Anand Raman is EVP and COO at Newgen Software.
As CEO, Amazon founder Jeff Bezos was known to leave an empty chair at board meetings. Why? The chair represented the customer. Bezos wanted to make sure every decision the company made was directed at improving the customer’s experience. Based primarily on this single-minded “customer obsession,” Amazon became one of the world’s most valuable companies in just a few decades.
Today, customers expect and reward vendors who deliver that “Amazon experience.” To prosper, enterprises need to provide simple, delightful experiences for their customers. In order to do that, I believe companies need to transform how they engage with customers. As someone who works with businesses in transforming their complex systems into a simple customer experience, I know first-hand that it is not easy, yet the rewards are clear and include growth, efficiency and customer loyalty.
Complex Processes And Customer Demands
The most critical business processes are often highly complex – spanning multiple, siloed departments. But the complexity doesn’t stop there. Business complexity increases manifold with the complexity of business information and customer engagement expectations. Whereas business data used to be neat and tidy, residing in efficient databases, today’s business information has spread across documents, photos, scans, IoT data, and even emails and texts. Managing this sprawling, amorphous trove of unstructured data is extremely difficult.
Customers demand a multichannel experience – using their PC, web browser or phone. And they want the engagement to be contextual; they expect it to reflect all past interactions. Take, for example, a customer searching for light bulbs on their phone while shopping at a home improvement store. Knowing that the customer had bought a dozen recessed lighting fixtures a few weeks ago allows the company’s search function to suggest bulbs compatible with those fixtures. And knowing the customer is currently in their store allows the company to provide directions to the precise aisle where those bulbs are available.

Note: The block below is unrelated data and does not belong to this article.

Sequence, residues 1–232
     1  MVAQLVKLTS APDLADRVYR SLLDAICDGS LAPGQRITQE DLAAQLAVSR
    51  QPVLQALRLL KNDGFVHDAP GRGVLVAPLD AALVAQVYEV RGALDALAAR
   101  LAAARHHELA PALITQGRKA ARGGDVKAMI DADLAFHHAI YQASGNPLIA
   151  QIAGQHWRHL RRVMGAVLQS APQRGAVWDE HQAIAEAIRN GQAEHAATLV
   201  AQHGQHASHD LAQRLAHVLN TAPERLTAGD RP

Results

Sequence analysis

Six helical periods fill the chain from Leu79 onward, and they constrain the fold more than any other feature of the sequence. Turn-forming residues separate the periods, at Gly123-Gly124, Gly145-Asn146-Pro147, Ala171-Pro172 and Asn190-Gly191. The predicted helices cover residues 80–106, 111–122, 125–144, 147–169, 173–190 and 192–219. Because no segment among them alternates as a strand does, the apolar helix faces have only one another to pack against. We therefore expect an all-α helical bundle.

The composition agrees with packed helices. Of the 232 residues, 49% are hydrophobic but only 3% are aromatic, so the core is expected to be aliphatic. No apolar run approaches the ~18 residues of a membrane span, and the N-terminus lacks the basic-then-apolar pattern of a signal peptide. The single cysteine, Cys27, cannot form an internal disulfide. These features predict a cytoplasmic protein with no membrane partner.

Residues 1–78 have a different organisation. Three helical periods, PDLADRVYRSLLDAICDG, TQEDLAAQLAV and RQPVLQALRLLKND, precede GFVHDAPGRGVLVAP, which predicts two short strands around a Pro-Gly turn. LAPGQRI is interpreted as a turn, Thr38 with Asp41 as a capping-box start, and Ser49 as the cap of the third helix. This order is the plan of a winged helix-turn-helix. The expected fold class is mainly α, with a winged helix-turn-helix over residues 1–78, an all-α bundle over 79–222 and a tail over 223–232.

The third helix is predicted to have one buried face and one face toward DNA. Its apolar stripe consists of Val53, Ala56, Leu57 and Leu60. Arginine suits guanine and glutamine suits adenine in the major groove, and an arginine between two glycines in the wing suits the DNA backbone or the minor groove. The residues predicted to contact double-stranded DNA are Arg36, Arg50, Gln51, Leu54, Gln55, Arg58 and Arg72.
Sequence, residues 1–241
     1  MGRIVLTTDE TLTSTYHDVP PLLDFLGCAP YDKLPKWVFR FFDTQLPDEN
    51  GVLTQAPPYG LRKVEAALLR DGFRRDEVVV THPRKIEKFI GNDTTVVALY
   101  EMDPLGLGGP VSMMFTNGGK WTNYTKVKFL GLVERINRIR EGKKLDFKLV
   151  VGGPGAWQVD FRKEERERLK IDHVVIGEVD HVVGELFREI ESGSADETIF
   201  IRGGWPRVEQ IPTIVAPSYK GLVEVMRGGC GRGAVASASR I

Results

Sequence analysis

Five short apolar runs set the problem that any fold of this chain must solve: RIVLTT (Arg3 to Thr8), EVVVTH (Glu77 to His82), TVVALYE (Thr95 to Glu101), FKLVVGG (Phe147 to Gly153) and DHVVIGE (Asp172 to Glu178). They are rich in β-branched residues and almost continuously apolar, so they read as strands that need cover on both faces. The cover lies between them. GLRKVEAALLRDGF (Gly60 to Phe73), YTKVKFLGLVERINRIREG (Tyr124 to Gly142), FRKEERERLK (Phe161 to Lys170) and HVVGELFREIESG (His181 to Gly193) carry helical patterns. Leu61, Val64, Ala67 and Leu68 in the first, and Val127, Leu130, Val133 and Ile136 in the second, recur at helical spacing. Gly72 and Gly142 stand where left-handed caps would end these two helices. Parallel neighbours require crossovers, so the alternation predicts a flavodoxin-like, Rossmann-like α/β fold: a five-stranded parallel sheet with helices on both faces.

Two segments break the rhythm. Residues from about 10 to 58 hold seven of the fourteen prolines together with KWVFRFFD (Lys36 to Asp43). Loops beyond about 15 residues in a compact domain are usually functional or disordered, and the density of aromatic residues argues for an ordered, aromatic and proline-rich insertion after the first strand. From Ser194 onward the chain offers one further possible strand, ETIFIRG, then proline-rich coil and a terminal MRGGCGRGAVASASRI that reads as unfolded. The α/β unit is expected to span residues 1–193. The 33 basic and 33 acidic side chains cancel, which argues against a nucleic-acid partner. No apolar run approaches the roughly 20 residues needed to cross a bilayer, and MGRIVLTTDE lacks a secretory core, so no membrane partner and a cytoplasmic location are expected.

But it is clear that automating customer journeys is just the start in any digital transformation initiative. Through my experience, I have found a few pillars of information management that I believe businesses should focus on.
Contextual Information Management
As alluded to earlier, because of the complexity of modern business practices, there is often a massive amount of unruly, unstructured data. Leveraging this data unlocks a competitive advantage and can drive efficiencies and customer satisfaction. Here are the three information management pillars that I believe your business should focus on:
• Content Management stores and manages enterprise content in a secure, flexible way while allowing user access through various channels.
• Records Management is crucial for document-centric organizations such as insurance or government agencies. It provides a robust engine to manage the full content lifecycle, from creation to disposal.
• Content Intelligence leverages artificial intelligence and machine learning to understand and act on raw business information.
Multi-Experience Customer Engagement